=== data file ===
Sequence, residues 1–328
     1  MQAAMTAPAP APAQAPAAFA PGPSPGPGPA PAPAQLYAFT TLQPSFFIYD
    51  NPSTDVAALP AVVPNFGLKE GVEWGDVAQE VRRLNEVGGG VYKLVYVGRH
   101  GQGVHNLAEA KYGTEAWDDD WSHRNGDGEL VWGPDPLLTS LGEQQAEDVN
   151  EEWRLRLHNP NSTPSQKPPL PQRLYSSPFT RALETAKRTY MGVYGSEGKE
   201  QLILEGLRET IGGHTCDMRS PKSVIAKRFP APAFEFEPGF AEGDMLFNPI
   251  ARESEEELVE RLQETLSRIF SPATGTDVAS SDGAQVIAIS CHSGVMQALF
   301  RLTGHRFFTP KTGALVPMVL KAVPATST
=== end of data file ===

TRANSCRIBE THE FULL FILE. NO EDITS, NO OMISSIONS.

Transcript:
Sequence, residues 1–328
     1  MQAAMTAPAP APAQAPAAFA PGPSPGPGPA PAPAQLYAFT TLQPSFFIYD
    51  NPSTDVAALP AVVPNFGLKE GVEWGDVAQE VRRLNEVGGG VYKLVYVGRH
   101  GQGVHNLAEA KYGTEAWDDD WSHRNGDGEL VWGPDPLLTS LGEQQAEDVN
   151  EEWRLRLHNP NSTPSQKPPL PQRLYSSPFT RALETAKRTY MGVYGSEGKE
   201  QLILEGLRET IGGHTCDMRS PKSVIAKRFP APAFEFEPGF AEGDMLFNPI
   251  ARESEEELVE RLQETLSRIF SPATGTDVAS SDGAQVIAIS CHSGVMQALF
   301  RLTGHRFFTP KTGALVPMVL KAVPATST